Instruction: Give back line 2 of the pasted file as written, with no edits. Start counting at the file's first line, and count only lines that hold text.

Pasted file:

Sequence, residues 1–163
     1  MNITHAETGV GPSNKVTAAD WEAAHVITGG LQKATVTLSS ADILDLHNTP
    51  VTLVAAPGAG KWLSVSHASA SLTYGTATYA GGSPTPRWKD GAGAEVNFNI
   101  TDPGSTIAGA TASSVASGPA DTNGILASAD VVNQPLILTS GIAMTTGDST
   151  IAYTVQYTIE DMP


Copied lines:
     1  MNITHAETGV GPSNKVTAAD WEAAHVITGG LQKATVTLSS ADILDLHNTP